- [13:27] You can also put some header code in your website. It usually takes four to six weeks for Google to index a podcast feed.
- [15:08] When you have a launch date, the best thing to do is submit your feeds well ahead of time. You can use a placeholder show.
- [17:25] New & Noteworthy has been around for awhile. Jodey advises clients not to worry about it on this point.
- [19:52] You should get the best microphone that you can afford. This makes the difference between a good and great sounding podcast.
- [21:04] There are currently 800,000 podcast in iTunes. If you dive a little deeper and compare it to the number of blogs that exist, podcasting isn’t saturated. Plus, only 41% of those are active.
- [22:33] People should think about podcasting as a long-term endeavor and focus on great content and consistency.
- [23:36] One common issue that podcasters have is the audio quality of their guests. It’s always a wild card. You can try to help mitigate these issues by sending your guest some instructions to follow.
- [29:56] Jodey recommends dynamic microphones. It’ll make podcasts sound better. Condenser microphones pick up more ambient noise, so they need to be used in more of a sound booth atmosphere.
- [31:35] If you’ve already purchased a Yeti microphone, you can get the best sound out of it by having the microphone close to your mouth. You will need a foam windscreen or pop filter to have the microphone about 6 inches from your mouth. Then turn the gain way down.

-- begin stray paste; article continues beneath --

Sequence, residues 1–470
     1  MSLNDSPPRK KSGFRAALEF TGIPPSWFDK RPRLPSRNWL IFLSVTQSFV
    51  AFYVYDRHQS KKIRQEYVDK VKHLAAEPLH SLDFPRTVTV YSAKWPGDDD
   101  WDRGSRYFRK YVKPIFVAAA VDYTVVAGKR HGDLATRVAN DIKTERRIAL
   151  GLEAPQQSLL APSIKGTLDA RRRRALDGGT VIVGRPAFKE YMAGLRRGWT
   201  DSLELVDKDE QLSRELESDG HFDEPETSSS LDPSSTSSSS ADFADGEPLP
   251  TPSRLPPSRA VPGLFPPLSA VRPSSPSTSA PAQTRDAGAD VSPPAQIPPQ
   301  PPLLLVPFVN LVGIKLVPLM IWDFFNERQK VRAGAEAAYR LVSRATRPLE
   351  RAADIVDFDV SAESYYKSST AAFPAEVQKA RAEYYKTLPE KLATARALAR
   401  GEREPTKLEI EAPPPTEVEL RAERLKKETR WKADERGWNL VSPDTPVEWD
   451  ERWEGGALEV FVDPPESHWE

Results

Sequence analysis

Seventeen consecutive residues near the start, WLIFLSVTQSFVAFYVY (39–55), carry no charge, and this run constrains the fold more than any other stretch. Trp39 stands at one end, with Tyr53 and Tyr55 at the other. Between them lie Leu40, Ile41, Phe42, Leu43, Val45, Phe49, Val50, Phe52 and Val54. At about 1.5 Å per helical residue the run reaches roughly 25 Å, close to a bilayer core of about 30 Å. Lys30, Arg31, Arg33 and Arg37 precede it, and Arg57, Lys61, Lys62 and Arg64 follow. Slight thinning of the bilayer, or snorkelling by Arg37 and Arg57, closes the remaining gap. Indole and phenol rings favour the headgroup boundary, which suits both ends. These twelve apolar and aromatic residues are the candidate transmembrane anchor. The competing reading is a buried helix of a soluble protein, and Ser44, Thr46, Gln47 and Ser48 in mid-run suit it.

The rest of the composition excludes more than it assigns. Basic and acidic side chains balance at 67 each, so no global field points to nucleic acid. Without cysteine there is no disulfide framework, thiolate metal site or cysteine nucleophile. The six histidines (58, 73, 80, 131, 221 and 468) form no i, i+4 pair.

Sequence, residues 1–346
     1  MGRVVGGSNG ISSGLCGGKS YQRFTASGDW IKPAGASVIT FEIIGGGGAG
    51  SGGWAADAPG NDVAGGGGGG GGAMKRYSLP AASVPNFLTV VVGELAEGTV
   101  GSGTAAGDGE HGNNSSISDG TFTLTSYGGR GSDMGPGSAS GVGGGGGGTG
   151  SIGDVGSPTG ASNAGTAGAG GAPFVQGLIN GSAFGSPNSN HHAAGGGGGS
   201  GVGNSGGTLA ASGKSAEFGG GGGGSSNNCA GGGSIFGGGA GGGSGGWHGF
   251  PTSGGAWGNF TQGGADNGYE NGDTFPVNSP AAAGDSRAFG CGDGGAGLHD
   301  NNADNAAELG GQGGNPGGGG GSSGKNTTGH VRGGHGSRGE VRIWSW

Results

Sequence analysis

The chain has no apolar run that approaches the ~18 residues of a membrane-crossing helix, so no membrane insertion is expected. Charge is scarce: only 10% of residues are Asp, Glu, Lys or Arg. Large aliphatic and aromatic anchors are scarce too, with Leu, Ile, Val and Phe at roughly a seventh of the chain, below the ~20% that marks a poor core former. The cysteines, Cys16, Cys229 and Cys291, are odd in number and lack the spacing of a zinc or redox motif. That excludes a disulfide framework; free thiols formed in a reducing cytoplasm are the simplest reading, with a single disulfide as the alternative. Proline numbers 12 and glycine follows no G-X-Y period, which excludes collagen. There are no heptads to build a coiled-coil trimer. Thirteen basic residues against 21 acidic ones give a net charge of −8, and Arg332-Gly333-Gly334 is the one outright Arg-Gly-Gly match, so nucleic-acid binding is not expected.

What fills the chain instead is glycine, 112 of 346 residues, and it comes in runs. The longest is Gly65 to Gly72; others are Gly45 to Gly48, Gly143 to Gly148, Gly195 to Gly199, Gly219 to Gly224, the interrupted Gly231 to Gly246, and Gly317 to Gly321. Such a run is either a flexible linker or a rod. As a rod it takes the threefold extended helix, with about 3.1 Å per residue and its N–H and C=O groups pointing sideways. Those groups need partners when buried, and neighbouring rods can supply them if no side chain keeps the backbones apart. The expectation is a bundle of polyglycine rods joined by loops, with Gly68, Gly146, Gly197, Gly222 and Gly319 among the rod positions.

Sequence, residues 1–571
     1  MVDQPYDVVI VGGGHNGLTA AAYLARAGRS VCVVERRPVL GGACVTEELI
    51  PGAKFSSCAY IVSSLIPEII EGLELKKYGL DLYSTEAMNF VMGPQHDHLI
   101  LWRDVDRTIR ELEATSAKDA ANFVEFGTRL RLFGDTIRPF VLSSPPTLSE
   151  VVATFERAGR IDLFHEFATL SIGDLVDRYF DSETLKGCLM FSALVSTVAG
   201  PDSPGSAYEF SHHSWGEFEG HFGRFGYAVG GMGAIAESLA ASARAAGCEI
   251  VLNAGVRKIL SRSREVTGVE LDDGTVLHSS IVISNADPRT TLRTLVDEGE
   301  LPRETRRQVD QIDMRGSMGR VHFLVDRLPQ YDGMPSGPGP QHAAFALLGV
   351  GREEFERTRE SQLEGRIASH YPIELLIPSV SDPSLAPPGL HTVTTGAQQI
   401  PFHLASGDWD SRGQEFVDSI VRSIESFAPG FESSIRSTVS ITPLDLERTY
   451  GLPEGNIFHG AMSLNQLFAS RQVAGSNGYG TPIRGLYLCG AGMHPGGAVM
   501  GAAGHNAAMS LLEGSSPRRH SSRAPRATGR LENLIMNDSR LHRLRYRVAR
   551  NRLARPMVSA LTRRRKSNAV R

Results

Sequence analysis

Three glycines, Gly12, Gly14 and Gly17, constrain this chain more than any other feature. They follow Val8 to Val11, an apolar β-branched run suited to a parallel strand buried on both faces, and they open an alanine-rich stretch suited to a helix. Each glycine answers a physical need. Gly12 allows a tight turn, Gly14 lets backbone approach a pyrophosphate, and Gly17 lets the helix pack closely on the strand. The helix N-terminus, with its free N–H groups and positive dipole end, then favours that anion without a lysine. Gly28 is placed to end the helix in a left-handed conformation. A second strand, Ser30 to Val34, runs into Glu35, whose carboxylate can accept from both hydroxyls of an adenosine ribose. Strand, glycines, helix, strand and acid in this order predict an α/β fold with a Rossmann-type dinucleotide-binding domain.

- [33:59] Jodey loves meeting so many creative people. We even have a couple of creative clients who decided to sell a premium holiday episode for $3.99, they had 177 purchases the first week. By trying something new, they made an extra $600 in a week.
- [35:44] They just used PayPal and a downloadable mp3.
- [37:33] Give your audience something and build your list. Don’t ask for ratings and reviews. Amy Porterfield is a master of this. You can build deeper relationships by communicating through email.
- [39:50] Subscribers are the biggest factor in iTunes ranking.
- [41:12] Titles are important. You can have a creative or bottom line title. This is something that tells your ideal listener that this podcast is for me. A good example is Dental Implant Practices by Dr. Phillip Gordon.
- [42:45] The danger of being creative is you may not attract your ideal listener. If you don’t have a following, you might want to go with the bottom line title.
- [44:03] You want your artwork to let your ideal listener know if the podcast is for them. You don’t have to have a microphone in your artwork or include podcast in your title.
- [49:07] Serve the audience you have. You don’t have to have a huge audience, just serve the people your podcast is meant to serve.
- [52:32] Darrell’s takeaways: It’s not a sprint, it’s a marathon. What if your 300 listeners were in your living room showing up to hear what you have to say? That puts a different perspective on subscriber numbers. Serve your audience no matter how big or small. Make sure you use a good microphone. It doesn’t have to be expensive, just good.
Links and Resources:
- Pro Podcast Solutions
- Libsyn Use promo code ProPod to get your first month free
- Apple Podcasts
- Google Podcasts
- ATR 2100
- Shure SM58
- Focusrite Scarlett
- Heil PR40
- Electro-Voice RE320
- Amy Porterfield
- 80% of Being an Entrepreneur Is What You Think and Feel with Amy Porterfield
- Dental Implant Practices
- Mindset Strategies That Go Beyond Podcasting With Cliff Ravenscraft